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Great hornbill

Buceros bicornis

Photo: Great hornbill
Also known as
  • Dvojzoborožec indický
  • Dvojzoborožec velký
Weights and measures
Height at the shoulder from 1,2 to 1,5 m
Weight 3 kg
Animal description
The Great Hornbill (Buceros bicornis), also known as the great Indian hornbill or the great pied hornbill, is an impressive and majestic bird that is native to the forests and tropical regions of the Indian subcontinent, Southeast Asia, and the Malay Peninsula. This bird is one of the larger members of the hornbill family, which is known for its distinctive features and behaviors.

One of the most striking characteristics of the Great Hornbill is its vibrant and sizable casque-topped beak. The beak is a bright yellow and black color, with a large, hollow, helmet-like structure known as a casque on the upper mandible. This casque is thought to be used in mating rituals and dominance displays, as well as possibly having a role in amplifying the bird's calls. The beak is not only an ornament but also a highly effective tool for foraging, allowing the bird to reach into crevices and pull out prey.

The Great Hornbill is a large bird, typically measuring between 95 to 130 cm (37 to 51 inches) in length, with a wingspan that can reach up to 150 cm (59 inches). The males are usually larger than the females and have a more prominent casque. They weigh between 2 to 4 kg (4.4 to 8.8 lbs), making them one of the heaviest flying birds in the forest canopy.

The plumage of the Great Hornbill is predominantly black and white. The body and wings are mostly black, with white markings on the wing coverts and tail feathers. The tail is long and has a unique white band across it, which is conspicuous during flight. The neck is adorned with a fluffy, white collar which gives the bird a regal appearance. The eyes are encircled by a patch of bare skin, which is typically red or pink in color, adding to their striking visage.

Great Hornbills are known for their loud, echoing calls that can be heard over long distances in their dense forest habitats. These calls serve as a means of communication between individuals and play a role in maintaining pair bonds as well as in territorial defense.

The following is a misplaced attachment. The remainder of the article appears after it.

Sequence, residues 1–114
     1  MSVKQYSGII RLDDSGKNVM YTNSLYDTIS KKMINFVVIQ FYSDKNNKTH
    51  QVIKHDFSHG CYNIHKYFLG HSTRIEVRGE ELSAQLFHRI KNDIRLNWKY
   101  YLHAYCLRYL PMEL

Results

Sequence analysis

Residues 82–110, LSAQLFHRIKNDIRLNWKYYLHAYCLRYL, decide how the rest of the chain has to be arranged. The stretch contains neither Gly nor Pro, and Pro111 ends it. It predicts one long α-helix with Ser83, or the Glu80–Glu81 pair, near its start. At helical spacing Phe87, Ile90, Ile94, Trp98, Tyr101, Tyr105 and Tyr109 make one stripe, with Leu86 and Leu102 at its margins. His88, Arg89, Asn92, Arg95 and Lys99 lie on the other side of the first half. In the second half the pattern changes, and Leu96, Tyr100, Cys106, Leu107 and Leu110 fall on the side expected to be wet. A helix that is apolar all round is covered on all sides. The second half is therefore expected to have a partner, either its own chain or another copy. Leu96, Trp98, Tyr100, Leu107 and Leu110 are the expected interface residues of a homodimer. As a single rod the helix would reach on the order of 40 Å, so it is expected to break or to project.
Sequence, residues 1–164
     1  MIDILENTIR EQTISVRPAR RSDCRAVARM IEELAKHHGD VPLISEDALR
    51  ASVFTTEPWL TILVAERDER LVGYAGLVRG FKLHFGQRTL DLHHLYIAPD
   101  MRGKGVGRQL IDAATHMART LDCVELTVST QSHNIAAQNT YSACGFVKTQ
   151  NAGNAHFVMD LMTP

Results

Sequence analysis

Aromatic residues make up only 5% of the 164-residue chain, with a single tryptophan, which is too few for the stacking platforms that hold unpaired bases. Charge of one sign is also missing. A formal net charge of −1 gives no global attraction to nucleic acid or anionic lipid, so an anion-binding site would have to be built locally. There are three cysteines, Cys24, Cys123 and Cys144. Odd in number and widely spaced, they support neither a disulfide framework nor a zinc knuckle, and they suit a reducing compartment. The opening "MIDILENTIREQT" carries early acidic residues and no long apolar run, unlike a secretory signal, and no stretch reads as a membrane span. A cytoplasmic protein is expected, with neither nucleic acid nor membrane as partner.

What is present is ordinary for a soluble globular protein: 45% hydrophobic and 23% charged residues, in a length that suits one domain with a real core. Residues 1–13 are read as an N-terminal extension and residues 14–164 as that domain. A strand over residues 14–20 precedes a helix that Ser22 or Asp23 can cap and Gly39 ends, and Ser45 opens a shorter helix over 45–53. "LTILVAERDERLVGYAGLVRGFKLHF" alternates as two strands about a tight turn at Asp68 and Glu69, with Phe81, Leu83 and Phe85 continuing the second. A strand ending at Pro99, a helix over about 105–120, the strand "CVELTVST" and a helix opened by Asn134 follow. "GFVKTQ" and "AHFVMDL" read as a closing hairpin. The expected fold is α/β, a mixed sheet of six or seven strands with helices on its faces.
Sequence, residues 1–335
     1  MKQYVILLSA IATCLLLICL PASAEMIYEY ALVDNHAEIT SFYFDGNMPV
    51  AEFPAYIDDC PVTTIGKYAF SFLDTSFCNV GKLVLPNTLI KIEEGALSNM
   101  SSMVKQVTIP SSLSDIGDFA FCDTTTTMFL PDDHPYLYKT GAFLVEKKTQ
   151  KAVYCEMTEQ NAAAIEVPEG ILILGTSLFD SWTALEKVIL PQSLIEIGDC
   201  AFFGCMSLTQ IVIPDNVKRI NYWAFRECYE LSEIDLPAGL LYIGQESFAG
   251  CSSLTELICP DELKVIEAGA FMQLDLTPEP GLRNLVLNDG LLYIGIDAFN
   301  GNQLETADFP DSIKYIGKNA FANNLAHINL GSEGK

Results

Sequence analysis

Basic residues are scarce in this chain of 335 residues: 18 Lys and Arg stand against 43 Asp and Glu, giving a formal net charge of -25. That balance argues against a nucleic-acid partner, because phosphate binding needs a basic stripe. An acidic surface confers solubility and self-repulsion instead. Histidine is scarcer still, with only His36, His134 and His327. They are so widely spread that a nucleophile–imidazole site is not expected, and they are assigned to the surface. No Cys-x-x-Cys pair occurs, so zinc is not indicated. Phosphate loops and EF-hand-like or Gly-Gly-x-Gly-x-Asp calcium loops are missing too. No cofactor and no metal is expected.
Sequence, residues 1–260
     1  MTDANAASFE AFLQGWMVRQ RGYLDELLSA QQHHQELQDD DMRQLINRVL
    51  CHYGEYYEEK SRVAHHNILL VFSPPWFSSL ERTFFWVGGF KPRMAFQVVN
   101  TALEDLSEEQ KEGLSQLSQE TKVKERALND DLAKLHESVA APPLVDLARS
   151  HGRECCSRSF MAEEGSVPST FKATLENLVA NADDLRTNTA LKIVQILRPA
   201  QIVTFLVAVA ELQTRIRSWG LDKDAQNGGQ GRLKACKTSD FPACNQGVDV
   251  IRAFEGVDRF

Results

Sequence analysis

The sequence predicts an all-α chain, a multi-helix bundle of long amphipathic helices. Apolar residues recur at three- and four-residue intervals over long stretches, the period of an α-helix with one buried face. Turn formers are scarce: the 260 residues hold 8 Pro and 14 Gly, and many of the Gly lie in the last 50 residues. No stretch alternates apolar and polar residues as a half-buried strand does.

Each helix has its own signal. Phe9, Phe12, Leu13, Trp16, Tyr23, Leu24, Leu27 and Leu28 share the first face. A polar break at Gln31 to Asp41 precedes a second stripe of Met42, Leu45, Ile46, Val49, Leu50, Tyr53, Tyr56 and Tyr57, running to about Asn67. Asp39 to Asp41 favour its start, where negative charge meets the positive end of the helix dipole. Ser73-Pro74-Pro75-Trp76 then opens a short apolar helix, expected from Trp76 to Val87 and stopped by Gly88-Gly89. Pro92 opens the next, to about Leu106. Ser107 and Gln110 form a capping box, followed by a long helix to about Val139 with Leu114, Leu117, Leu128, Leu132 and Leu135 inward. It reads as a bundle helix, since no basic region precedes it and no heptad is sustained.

These birds are predominantly frugivorous, meaning their diet consists mainly of fruit. They play a crucial role in their ecosystems as seed dispersers, consuming fruits whole and later excreting the seeds far from the parent tree, thus aiding in forest regeneration. However, they are also known to eat small mammals, birds, insects, and reptiles, making them opportunistic feeders.

One of the most fascinating aspects of the Great Hornbill's behavior is their breeding ritual and the unique way they nest. When ready to lay eggs, the female finds a tree cavity and seals herself inside using feces and mud, leaving only a narrow slit through which the male feeds her throughout the incubation period. The male's role is vital during this time, as he must bring enough food for the female and the chicks until they are ready to leave the nest.

The conservation status of the Great Hornbill is currently listed as Vulnerable by the IUCN Red List due to habitat loss and hunting for their casques and meat. Conservation efforts are in place to protect these magnificent birds, including habitat preservation and anti-poaching measures.

In summary, the Great Hornbill is an iconic species with a unique morphology and intriguing behaviors. Its role in the ecosystem as a seed disperser is critical, and its presence is a key indicator of the health of the forests it inhabits. With concerted conservation efforts, there is hope that this magnificent avian species will continue to thrive in its natural habitat for generations to come.
Map of occurrence
Photo: Great hornbill - occurrence
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